Revolutionary Aquarians: Abraham Lincoln and Charles Darwin

While putting together our classic film series highlighting the significance of the U.S. Constitution as a living document, I happened to notice that two “game changers” in history have the same birthday: on February 12, 1809, both Abraham Lincoln and Charles Darwin were born. Coincidence or not? I am not usually one to read into horoscopes, but according to the Zodiac, Aquarians (Lincoln and Darwin’s sign) are considered to be forward-thinking leaders and revolutionaries. Undoubtedly, Lincoln’s and Darwin’s steadfast and unorthodox perspectives have changed the way we see our world, and both men have inspired Americans to utilize the Constitution as a living document.

The Lincoln Spotlight is on view now through February 17.

Abraham Lincoln, the sixteenth president of the United States, was elected during a tumultuous time in U.S. history. He fought to unify the country throughout the Civil War and outlawed the institution of slavery with the ratification of the Thirteenth Amendment. A lesser known fact about Lincoln, as highlighted in the Skirball’s current “Lincoln Spotlight” exhibition—on view in conjunction with Creating the United States—is that he also advocated for the rights of Jewish Americans. Leading up to and during the Civil War, as anti-Semitism ran rampant, Lincoln steadfastly asserted the rights of Jewish soldiers and citizens. The same month that he declared the Emancipation Proclamation (January 1863), he also renounced Ulysses S. Grant’s General Order No. 11 of 1862, which banned Jews from certain areas of the States and prohibited them from serving in the army alongside their fellow citizens. Furthermore, Lincoln made a point of appointing a number of Jewish generals to his Union forces. Again, an unpopular stance in the nineteenth century that laid the groundwork for other social and political revolutionaries to come.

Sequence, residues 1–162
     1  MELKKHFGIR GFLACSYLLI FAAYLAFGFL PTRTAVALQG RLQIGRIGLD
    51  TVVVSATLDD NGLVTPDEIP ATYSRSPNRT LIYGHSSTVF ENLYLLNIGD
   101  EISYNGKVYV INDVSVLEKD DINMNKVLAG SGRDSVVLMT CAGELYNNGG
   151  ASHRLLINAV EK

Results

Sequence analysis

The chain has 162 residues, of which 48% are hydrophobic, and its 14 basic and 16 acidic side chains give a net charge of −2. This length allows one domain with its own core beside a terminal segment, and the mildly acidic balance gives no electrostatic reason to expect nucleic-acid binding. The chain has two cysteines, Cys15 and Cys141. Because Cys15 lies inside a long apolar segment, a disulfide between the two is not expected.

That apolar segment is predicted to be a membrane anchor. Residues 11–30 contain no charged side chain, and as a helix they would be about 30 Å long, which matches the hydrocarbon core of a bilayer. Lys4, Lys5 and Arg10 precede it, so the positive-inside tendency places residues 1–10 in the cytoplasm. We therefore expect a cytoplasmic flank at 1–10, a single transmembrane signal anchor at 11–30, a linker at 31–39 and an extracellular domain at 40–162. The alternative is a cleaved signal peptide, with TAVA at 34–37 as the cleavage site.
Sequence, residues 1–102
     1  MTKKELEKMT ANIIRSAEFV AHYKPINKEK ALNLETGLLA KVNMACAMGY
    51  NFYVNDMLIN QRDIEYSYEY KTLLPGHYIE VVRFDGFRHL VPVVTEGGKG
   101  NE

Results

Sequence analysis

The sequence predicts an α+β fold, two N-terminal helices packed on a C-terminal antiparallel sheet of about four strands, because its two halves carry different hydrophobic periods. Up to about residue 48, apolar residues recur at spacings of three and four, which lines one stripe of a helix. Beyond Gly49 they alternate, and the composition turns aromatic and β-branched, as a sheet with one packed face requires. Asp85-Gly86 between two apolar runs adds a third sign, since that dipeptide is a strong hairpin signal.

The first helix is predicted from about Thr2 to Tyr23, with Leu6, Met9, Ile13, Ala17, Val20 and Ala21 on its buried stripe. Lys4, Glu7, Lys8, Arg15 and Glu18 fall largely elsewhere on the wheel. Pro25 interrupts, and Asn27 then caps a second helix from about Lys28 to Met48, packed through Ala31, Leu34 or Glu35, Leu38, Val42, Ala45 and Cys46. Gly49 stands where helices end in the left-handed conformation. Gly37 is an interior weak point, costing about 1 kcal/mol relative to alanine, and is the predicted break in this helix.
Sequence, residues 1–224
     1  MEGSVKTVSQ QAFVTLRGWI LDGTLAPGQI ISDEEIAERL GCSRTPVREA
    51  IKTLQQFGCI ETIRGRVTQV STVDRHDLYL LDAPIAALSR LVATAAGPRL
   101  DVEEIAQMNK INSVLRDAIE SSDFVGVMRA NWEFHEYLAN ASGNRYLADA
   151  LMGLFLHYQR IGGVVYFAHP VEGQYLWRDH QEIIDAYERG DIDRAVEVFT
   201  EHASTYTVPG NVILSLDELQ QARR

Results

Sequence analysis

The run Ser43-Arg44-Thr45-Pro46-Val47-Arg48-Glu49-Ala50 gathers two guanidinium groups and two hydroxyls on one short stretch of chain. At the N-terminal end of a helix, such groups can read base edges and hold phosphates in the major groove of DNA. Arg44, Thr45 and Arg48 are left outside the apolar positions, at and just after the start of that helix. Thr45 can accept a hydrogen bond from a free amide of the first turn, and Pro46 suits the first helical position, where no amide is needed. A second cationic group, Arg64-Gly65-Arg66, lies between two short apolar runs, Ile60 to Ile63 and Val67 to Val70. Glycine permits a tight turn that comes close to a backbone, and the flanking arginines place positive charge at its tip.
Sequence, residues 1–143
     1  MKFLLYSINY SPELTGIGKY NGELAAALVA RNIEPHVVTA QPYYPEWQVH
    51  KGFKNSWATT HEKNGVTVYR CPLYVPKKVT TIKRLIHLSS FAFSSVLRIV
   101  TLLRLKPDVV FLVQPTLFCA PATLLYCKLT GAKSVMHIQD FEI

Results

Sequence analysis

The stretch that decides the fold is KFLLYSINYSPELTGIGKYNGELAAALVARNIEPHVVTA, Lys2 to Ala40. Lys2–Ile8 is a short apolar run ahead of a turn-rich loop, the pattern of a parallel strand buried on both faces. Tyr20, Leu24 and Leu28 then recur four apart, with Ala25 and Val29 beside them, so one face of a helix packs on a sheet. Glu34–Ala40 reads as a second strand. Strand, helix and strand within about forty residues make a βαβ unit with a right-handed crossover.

Charles Darwin was a nineteenth-century British scientist best known for his theory of evolution. His thesis, as detailed in his On the Origin of Species by Means of Natural Selection (1859), asserted that animals and plants have evolved over time. By logical extension, it thus could be said that even humans evolved from other animals (apes). At the time, this idea caused a big stir because it called into question the biblical belief that Man was created by God, and it incited intense public and legal debate that continues to this day.

One of the more famous films about this controversy is Inherit the Wind (1960). Directed by Stanley Kramer and boasting an all-star cast including Spencer Tracy, Dick York, and Fredric March, the movie depicts the notorious John T. Scopes Supreme Court trial, which tested the strength of the Constitution by bringing the debate over whether evolution should be taught in the classroom to the center stage.

Watch a famous courtroom scene from Inherit the Wind.

Don’t miss a special screening of Inherit the Wind at the Skirball on Tuesday, February 12, in celebration of Darwin’s birthday, then stop by “Lincoln Spotlight” afterwards, and spend the day remembering two revolutionary men who have forever changed our history.

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Posted in Democracy Matters, Film and tagged , .

About Kasia Gondek

As Programs Coordinator at the Skirball Cultural Center, Kasia Gondek enjoys working with artists, speakers, and guests on a variety of lecture, film, music, and theater public programs. As an undergraduate, she studied art history and visual culture and politics—so she particularly enjoys programs that comment upon the impact of visual culture, history, and art on our lives. When she’s not running around the Skirball, she can be found training for her next marathon race, on the trails hiking, or enjoying L.A.’s restaurants, museums, and concerts.

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